The Jazz.com Blog
November 19, 2008 · 0 comments
In part one of this article, Bill Barnes reviewed the ninth annual Django Reinhardt jazz festival at Birdland. In this second, and final installment, he takes us behind the scenes for conversations with the performers and Gypsy jazz advocate Pat Philips. T.G.
Offstage at the Django Reinhardt NY Festival, guitarist Andreas Öberg allows me to noodle a bit on his $30,000 Benedetto archtop. His recent release on Resonance Records, My Favorite Guitars, has him squarely back in the mainstream, where his formidable bebop chops are in full swing. For much of tonight’s sets he opted to play the archtop, rather than his more traditional Selmer-style AJL acoustic. As the author of Gypsy Fire, one of the best instructional materials on Django guitar, he is a dedicated advocate of the Gypsy technique, but lately has been increasingly drawn back to his earlier influences, mainstream players such as George Benson and Pat Martino.
Öberg admits that he isn’t doing as many Hot Club swing gigs as he was a few years ago. Still, he remains a proponent. “There’s real power in the Gypsy technique,” he says. “You can play so much faster, with greater clarity.” He will be expanding access to his experience and knowledge in the near future with an interactive instructional website, in partnership with AOL. For now, I’m content to observe and attempt to steal bits and pieces of his remarkable technique.
While hanging out in Birdland’s green room between sets, I had the opportunity to sample the Selmer-style guitars the Schmitt brothers have been playing, courtesy of Manouche Guitars North America’s representative, Barry Warhoftig. These are just stock production models but, in Sampson’s hands, they sound like vintage Selmers. Everybody is plucking away backstage—it’s interesting to hear the different approaches to the guitar during the interplay between Kruno, Sampson and Andreas. Kruno suddenly breaks into song, demonstrating a surprisingly good voice, as he renders a lovely, poignant ballad in his native Croatian. I recognize the tune, “Letch Gurgo,” written by violinist Schnuckenack Reinhardt, a cousin of Django. Ludovic joins in with the accordion, followed by Sampson, providing the perfect guitar embellishment. This wasn’t on the program, but I’m thinking it should have been.
Producer Pat Philips and her long time partner, Ettore Stratta are by the bar, waiting for the second set. Arguably New York’s most ardent supporters of Gypsy jazz, they had actually built their reputations working with a broad array of major talent (a very long list, trust me!) from Lena Horne and Count Basie to Lew Tabackin and Joshua Redman. Ettore has produced, arranged and conducted for so many prominent artists, including the Royal Philharmonic Orchestra, Tony Bennett and Eddie Daniels. So what has made them so passionate about Django Reinhardt and jazz Manouche? Pat responds, “It makes me feel good. I just fell in love with the music and with the artists.”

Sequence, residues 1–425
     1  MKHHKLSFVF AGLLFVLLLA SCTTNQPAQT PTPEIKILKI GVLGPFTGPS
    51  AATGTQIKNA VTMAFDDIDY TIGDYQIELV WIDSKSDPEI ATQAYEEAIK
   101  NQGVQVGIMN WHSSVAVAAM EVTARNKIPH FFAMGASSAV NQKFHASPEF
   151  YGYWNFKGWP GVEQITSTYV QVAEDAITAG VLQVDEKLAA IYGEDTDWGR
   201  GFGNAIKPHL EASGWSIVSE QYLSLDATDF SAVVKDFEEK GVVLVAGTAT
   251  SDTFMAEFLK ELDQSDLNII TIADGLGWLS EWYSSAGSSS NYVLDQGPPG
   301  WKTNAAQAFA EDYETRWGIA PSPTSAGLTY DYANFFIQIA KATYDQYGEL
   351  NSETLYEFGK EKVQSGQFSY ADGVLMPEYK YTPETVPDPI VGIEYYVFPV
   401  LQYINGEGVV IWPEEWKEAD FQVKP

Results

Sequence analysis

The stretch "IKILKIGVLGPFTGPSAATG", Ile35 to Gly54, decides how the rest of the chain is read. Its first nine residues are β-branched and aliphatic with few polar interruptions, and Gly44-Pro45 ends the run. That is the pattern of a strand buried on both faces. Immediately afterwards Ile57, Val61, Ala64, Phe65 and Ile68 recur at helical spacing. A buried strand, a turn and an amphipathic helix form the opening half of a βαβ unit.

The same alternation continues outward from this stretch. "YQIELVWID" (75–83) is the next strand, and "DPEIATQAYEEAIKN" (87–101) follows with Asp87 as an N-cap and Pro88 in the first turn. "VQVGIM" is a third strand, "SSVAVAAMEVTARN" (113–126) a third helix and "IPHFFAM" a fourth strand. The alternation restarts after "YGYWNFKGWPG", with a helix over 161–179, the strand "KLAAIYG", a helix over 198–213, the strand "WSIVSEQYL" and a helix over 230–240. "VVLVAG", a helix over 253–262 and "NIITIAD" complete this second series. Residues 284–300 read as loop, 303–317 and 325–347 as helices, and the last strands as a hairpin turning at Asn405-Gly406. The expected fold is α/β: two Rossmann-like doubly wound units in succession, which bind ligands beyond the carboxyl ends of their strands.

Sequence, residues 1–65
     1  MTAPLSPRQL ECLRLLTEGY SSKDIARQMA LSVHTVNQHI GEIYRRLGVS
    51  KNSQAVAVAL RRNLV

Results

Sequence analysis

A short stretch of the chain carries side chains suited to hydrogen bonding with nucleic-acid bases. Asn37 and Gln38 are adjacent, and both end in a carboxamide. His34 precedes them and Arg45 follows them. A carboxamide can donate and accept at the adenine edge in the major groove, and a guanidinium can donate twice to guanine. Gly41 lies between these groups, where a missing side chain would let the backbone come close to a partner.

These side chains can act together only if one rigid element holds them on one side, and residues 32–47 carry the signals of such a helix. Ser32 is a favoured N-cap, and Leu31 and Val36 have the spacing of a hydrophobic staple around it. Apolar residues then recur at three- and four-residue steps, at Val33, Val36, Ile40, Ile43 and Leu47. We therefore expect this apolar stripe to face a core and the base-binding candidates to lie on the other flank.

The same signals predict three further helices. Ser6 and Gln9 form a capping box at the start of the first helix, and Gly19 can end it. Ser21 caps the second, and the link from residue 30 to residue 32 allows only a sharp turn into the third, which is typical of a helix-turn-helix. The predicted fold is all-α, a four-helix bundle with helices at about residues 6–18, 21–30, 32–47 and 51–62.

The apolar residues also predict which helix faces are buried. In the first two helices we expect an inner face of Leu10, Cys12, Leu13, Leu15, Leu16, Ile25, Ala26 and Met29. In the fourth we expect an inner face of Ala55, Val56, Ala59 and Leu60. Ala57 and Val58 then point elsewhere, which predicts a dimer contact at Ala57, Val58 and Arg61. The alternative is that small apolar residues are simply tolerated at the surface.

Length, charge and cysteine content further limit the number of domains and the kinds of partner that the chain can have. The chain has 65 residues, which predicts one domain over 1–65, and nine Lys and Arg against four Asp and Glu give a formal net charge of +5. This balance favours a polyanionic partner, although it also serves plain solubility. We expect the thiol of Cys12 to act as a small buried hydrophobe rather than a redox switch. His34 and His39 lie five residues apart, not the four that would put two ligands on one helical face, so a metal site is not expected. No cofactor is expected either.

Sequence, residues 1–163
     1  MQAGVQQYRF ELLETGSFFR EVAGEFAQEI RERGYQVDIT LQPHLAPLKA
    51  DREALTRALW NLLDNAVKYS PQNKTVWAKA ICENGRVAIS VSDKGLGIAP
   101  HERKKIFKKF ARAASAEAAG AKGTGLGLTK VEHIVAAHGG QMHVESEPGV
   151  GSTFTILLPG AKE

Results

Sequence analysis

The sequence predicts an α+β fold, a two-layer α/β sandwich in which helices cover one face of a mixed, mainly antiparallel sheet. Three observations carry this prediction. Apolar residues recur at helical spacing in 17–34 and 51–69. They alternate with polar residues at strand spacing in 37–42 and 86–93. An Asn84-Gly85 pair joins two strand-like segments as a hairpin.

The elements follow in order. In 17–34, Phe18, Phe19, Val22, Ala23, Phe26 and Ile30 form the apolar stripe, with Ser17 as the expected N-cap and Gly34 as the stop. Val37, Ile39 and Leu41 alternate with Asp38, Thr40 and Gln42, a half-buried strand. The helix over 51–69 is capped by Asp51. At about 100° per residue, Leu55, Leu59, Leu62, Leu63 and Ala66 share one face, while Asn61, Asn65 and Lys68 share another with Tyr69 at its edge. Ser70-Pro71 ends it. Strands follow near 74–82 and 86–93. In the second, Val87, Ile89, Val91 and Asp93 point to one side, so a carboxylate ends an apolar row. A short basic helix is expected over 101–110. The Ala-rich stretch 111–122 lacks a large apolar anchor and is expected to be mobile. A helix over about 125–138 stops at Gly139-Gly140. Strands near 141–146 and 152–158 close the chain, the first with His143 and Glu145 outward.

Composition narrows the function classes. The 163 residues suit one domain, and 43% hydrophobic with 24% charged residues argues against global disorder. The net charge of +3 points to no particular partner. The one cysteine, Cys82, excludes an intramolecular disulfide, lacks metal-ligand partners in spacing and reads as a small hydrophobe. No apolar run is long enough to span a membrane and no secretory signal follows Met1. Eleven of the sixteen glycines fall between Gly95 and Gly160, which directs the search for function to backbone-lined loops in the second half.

I ask for her take on why there is such a resurgence of interest now, after all these years. “It’s the hippest music out there, at least in my opinion. . . . I don’t think there’s any comparison. It’s very romantic, melodic, very swinging; it gets inside you and makes you feel great—and I’m talking kids, all the way to old people. I just think it’s hip and cutting edge forever.”
They have been involved in the jazz Manouche revival ever since 1988, when they produced Stephane Grappelli’s 70th birthday concert at Carnegie Hall, featuring Yo-Yo Ma, Michel Legrand, the Juilliard String Quartet, Maureen McGovern and Toots Thielemans. Since then, they have produced regular Django-inspired events at Lincoln Center, Carnegie Hall, Birdland and other venues, getting to know many of the key players in the process—Dorado Schmitt, Angelo Debarre and Stochelo Rosenberg, to name a few.
Pat Philips loves the Romani musician’s esthetic. “Half of the people we bring here live in caravans or cottages. They could afford to buy big houses but they don’t think that way—it’s all about the music, it’s all about the family. They grow up with the music—they play for the joy of the music. That is the difference. That’s why you feel it. You feel what they feel. If they were home tonight, they’d be sitting in the living room playing music. When they get up after breakfast, they’re going to play music.” The search for the heart and soul of Gypsy jazz has led her to Romani camps across Europe. “We’ve gone there, we’ve been in their caravans, it’s all guitars, putting them in the hands of a three year-old. . . . It’s in the culture; it’s in the family.”
While the second set audience is not quite the overflowing capacity crowd of the first, they’re every bit as enthusiastic. Among the repeats of the first set’s tunes, the group offers some more classic Django numbers: “Troublant Boléro,” which is actually more of a rumba, and the popular “Swing Gitan.” The performance ends with an exuberant, buoyant crowd pleaser, “I Can’t Give You Anything But Love.”
That’s pretty much summed up the feeling when, at three o’clock in the morning, Birdland finally closed its doors behind the last of the stragglers and turned us out into the misty November night—we couldn’t feel anything but love. Latcho Drom and long live Django!
This blog entry posted by Bill Barnes.